# The graph of a radical function

A radical as you might remember is something that is under a radical sign e.g. a square root. A radical function contains a radical expression with the independent variable (usually x) in the radicand. Usually radical equations where the radical is a square root is called square root functions.

An example of a radical function would be

$$y=\sqrt{x}$$

This is the parent square root function and its graph looks like

If we compare this to the square root function

$$y=a\sqrt{x}$$

We will notice that the graph stretches or shrinks vertically when we vary a

$$\begin{matrix} \left | a \right | >0\: \: \: \: \: \: \: & &\Rightarrow vertical\: stretch \\ 0<\left | a \right |<1 & & \Rightarrow vertical\: shrink\: \: \: \\ \end{matrix}$$

In the graph below we have radical functions with different values of a

If a < 0 the graph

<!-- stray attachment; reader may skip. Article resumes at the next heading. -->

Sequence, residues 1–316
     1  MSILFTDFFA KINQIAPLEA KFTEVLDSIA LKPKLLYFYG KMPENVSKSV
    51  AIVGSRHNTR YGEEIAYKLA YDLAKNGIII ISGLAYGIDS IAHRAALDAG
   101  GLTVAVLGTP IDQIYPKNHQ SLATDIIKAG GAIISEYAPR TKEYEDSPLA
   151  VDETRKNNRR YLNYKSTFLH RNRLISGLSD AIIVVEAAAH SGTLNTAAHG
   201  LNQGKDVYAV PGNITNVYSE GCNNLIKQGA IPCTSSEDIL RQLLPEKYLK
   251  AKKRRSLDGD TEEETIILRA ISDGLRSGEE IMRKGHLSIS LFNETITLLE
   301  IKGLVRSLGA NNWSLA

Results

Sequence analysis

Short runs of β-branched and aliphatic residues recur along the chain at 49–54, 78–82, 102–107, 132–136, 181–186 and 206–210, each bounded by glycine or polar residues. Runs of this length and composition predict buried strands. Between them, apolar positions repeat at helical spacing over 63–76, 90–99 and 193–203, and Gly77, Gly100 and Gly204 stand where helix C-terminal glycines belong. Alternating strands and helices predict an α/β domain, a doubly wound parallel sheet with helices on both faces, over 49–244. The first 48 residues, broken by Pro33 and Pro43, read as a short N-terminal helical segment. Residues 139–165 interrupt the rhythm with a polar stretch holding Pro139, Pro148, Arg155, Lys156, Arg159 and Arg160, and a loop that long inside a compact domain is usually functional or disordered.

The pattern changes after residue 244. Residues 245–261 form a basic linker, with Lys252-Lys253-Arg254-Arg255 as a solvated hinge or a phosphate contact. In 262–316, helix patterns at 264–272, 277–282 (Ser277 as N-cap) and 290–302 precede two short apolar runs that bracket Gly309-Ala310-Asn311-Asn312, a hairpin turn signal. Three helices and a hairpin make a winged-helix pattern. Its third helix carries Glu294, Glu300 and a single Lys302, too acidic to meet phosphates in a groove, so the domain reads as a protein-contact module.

$$y=a\sqrt{x}$$

Is the reflection in the x-axis of the graph

$$y=\left |a \right |\sqrt{x}$$

Another square root equation would be

$$y=a\sqrt{x-b}+c$$

If you look at the graphs above which all have c = 0 you can see that they all have a range ≥ 0 (all of the graphs start at x=0 since there are no real solutions to the square root of a negative number). If you have a c ≠ 0 you'll have a radical function that starts in (0, c). An example of this can be seen in the graph below

The value of b tells us where the domain of the radical function begins. Again if you look at the parent function it has a b = 0 and thus begin in (0, 0) If you have a b ≠ 0 then the radical function starts in (b, 0).

If both b ≠ 0 and c ≠ 0 then the radical function starts in (b, c)

**Video lesson**

Compare the radical functions

$$y_{1} =\sqrt{ x}$$

$$y_{2} = 3\sqrt{x}$$

$$y_{3} = \sqrt{x} + 2$$

$$y_{4} = \sqrt{x- 1}$$

$$y_{5} = \sqrt{x(x-2)} + 1$$